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What Meeting Planners Can Learn From Ron Santo

Today is a sad day in Chicago and in Cubbie-Land which stretches from sea to shining sea and beyond. A true baseball legend has passed, Mr. Ron Santo. Ronnie went into the Field of Dreams due to complications from Bladder Cancer and his diabetes, he was 70 years young and still the voice of the Cubs on radio.

I will miss him on the radio when I am driving on a hot summer’s day; the windows are down, and the Cubbies are getting ready to play. He would celebrate the Cubs when they were playing well and let everyone know how he felt when they were not.

I was not always a Cub fan; I grew up on the East Coast and that made me either a Red Sox or Yankee fan in my younger years (and it flipped back and forth before settling on Red Sox). After moving to Chicago, I have become a die-hard, wait till next year, Ivy loving, right field bleacher sitting Cub Lover. For many of my years here, I lived within one block of the field and could hear the crack of the bat and the roar of the crowd just sitting on my front stoop. The Cubs and a Beer were the only things you needed to have a perfect summer day.

I have been here 22 years, and the Cubs have now been my favorite team for longer than any other, so that makes me a true fan, although, many will tell you, I still wear and love my Red Sox cap (I am wearing it right now). I am never giving it up because it is way comfortable and who cares, they are in the American League anyway.

Ron Santo was a true Cubs legend, here are some of his achievements on and off the field:

  • Played for the Cubs from 1960-73
  • Played for the National League in the All-Star game nine times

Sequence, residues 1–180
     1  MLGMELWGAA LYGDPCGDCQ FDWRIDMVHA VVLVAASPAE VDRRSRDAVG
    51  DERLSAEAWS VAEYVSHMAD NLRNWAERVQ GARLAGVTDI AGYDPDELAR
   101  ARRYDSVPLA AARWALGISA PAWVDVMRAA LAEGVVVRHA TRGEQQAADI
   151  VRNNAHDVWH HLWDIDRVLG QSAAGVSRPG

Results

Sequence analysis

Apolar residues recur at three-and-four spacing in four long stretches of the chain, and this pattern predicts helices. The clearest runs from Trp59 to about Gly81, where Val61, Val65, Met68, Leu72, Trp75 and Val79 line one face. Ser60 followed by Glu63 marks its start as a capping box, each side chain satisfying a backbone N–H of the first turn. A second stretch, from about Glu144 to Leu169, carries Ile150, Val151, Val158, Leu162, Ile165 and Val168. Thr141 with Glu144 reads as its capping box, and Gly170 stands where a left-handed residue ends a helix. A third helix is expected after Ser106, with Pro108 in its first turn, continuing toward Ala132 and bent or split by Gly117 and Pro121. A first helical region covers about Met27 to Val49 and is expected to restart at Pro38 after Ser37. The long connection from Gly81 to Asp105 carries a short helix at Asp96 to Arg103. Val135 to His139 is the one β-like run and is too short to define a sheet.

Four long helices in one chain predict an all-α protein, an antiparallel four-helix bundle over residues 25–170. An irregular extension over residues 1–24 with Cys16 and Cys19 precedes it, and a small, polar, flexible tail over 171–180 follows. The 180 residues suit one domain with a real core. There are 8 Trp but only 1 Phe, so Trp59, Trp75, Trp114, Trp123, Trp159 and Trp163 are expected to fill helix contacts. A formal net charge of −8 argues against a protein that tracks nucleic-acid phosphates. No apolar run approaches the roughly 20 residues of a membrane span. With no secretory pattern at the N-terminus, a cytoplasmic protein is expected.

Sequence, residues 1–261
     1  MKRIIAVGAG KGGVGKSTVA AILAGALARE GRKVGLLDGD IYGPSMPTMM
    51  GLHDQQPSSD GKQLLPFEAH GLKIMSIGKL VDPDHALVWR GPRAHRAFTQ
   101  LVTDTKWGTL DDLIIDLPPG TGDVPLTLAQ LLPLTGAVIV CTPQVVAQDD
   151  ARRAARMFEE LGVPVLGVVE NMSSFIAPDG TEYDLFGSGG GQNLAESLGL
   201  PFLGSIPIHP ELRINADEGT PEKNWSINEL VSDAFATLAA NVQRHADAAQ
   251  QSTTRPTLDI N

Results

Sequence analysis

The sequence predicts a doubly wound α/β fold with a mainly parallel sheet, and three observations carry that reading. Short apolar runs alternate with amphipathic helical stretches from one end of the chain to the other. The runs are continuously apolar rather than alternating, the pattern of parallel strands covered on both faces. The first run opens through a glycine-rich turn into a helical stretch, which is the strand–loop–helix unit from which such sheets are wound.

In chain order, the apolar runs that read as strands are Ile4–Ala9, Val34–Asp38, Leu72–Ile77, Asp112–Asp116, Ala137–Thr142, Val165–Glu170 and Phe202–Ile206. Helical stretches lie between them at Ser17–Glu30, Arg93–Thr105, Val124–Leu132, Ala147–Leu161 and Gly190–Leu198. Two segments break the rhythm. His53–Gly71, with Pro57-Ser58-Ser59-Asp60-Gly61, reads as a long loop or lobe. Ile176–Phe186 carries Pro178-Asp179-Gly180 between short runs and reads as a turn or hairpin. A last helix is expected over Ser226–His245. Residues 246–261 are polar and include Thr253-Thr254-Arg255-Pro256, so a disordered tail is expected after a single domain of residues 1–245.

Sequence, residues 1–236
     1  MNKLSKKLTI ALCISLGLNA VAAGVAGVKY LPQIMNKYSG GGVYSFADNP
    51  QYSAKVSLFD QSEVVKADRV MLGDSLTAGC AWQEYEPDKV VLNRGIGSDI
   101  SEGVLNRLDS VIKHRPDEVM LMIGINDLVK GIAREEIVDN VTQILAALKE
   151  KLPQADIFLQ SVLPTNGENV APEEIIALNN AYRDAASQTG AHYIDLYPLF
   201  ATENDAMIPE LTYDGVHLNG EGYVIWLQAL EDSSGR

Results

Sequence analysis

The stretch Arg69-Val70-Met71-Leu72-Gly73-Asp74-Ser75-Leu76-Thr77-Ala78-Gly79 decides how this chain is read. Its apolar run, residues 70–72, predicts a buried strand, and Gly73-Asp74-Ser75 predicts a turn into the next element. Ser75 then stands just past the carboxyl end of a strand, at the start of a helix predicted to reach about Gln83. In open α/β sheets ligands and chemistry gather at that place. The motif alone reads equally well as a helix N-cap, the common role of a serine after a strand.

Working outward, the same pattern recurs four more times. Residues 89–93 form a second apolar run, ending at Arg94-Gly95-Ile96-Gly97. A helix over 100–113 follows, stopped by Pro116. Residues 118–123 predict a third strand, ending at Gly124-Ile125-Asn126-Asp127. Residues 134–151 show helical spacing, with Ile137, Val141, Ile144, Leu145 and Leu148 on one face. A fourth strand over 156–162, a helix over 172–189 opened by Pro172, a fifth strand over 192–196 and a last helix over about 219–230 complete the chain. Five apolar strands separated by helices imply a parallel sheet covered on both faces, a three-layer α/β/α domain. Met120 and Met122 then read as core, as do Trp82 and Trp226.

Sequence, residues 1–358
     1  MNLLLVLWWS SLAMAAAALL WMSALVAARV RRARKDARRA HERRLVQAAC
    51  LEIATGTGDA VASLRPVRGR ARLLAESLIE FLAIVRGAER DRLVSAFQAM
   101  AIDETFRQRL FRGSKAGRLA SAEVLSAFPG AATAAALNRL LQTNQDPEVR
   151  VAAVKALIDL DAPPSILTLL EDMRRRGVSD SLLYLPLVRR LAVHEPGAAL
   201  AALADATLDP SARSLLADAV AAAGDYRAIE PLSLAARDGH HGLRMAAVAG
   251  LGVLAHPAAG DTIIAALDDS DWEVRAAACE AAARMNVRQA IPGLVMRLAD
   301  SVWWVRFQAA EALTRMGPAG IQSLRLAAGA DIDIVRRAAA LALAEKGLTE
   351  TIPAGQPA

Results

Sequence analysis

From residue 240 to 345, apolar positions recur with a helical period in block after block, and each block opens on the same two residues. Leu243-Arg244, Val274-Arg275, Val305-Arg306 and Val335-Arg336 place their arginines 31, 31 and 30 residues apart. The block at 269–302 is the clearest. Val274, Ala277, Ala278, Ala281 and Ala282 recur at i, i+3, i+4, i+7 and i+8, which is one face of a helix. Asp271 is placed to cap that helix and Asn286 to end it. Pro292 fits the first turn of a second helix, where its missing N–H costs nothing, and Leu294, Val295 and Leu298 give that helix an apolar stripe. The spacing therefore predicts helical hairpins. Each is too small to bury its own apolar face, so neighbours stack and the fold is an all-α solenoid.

• Batted .277 during his career
  • A Career total of 342 home runs, and 1,331 RBIs
  • Became a Cubs color commentator in 1990 on WGN
  • Member of the first Cub’s Walk of Fame class
  • Named to the Cubs’ all-century team in 1999
  • Ron’s number was retired in 2003 and his No. 10 now flies from the left-field flagpole at Wrigley Field
  • Has been up for election to the Hall of Fame 19 times (he should be there)
  • For more than two decades sponsored an annual walk-a-thon to help seek a cure for diabetes
  • Raised millions of dollars for diabetes research

Those are great achievements and are amazing on their own merits, but Ronnie never had it easy. He was diagnosed with diabetes at 18; his alcoholic father abandoned his family and after his mother had remarried, she and his stepfather were killed in an auto accident on their way to see him in Spring Training.

Later in life, his diabetes forced the amputation of both his legs, he had heart attacks and even had quadruple bypass surgery……. He kept going and going and even went right back to his radio gig as soon as he was able. You can learn more about him in this New York Times obit.

What never changed about Ronnie was his sense of humor, his ability to call it as he saw it and his loyalty to the Cubs (yes he played a season with the White Sox). He loved the fans and the causes he supported. He was a funny guy and people loved him. You could almost say that the hardships he endured and the setbacks he faced made him more real to his fans than his achievements on the field. He was not perfect, and we did not care, it made him one of us.

So, what can meeting and event planners learn from someone like Ron Santo? Many things actually.

  • A great sense of humor helps, especially when the going gets tough
  • Shit happens, don’t let it stop you from reaching a goal
  • Practice makes perfect, so get off your ass and practice some more
  • The fundamentals win more games than flashy plays and tricks
  • Hard work pays off, keep trying and trying no matter what
  • Don’t sit around and bitch about what you can’t change, just get out there and get it done
  • Be loyal, loyalty pays off in the long run
  • Fight the good fight and fight to win
  • If you believe in something, don’t let anyone else get in your way
  • Speak your mind, even if it pisses people off, sometimes they need to know
  • Love what you do and nothing else matters
  • Understand that life is not fair but life can be great anyway

See Ya Later Ronnie, Tell Harry, and Jack, we all say Hello……….

 

 

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